According to Dr. Kayiteshonga, the Ministry of Health partners with various organisations that support genocide survivors like IBUKA, AVG, AERG (students association of genocide survivors), Nsenga Ni Manzi. These partners help a lot in advocacy and empowering communities to learn more about mental health and fight the stigma that arises from mental illness. The Ministry of Health also works with funding partners like the Belgian Corporation that facilitate some of the activities in the communities. The Ministry, through RBC, coordinates all these organisations working on mental health.


“The enemy of mental health is ignorance. Ignorance leads to lack of service, human resource, funds, and respect. We have been emphasizing the sensitization of people about mental health through all possible channels. We have created mental health services from community level to district level. We have been able to integrate psychotic drugs into the national list of essential drugs, meaning people can access the drugs at an affordable price, “states Dr. Kayiteshonga. She adds that, “mental health services have also been integrated into Mutuelles de Sante. This is a great achievement.”

The Ministry has built strong partnership with other stakeholders in that mental health services so that they are not only found in medical centers but also in the communities. These organisations have assisted in addressing mental health issues. This has improved the accessibility of treatment or medicine by the victims.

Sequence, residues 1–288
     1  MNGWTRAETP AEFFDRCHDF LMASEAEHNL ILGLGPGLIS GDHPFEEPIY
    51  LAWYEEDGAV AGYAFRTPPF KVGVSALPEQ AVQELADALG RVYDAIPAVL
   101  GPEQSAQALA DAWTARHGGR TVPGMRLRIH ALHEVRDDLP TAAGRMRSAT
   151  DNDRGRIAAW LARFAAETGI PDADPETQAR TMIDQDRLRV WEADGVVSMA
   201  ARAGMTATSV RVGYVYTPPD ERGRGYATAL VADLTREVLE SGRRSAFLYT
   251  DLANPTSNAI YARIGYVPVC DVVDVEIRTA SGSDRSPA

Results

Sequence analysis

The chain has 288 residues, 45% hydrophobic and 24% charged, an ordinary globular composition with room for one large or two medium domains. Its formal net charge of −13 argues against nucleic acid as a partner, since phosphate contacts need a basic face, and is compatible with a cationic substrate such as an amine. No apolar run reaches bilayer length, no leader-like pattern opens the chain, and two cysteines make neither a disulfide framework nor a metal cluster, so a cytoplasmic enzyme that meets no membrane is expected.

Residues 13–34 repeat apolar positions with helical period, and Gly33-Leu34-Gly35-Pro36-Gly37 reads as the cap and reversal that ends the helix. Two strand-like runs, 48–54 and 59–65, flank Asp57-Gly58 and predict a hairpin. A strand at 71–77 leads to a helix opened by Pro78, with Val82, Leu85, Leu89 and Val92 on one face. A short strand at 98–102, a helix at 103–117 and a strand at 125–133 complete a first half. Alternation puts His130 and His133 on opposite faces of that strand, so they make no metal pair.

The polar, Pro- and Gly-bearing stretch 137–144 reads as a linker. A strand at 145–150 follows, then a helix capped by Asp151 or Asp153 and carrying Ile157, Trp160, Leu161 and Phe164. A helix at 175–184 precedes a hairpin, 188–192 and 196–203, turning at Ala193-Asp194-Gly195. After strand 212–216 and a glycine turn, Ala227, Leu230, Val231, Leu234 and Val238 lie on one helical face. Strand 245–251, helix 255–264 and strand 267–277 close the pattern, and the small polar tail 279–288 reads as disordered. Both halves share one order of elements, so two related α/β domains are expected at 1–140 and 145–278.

The Ministry of Health has worked with the Ministry of Education to incorporate a Post Graduate Diploma in the curriculum. “Today, Rwanda is invited to share their success story in dealing with mental health.”

For Kwibuka 23, The Ministry of Health with partners, will deploy 130 ordinary cars, 30 buses, 30 ambulances stocked with medicines will help Trauma Victims during this difficult season of remembering.

For the 23rd commemoration, the Ministry of Health has put strategies and measures in place to provide psychological support have been taken to help the victims in need. Thousands of health and non-health professionals are skilled to deal with emotional and trauma crises and large outreach programs are put in place to raise awareness against trauma and promote mutual support.

A toll-free hotline 6200 was put in place to provide quick support to people in need, psychological first aid, advice and orientation will also be provided by specialists 24/7 from 7 April to 4 July 2017.

Despite the great work, the Ministry of Health through RBC, has mass education about mental health, the issue of stigma is still prevalent in society. The Ministry is committed to sensitizing people about mental health, training more people to work in mental health, psychiatry specialiasation and to focus on child psychiatry as well.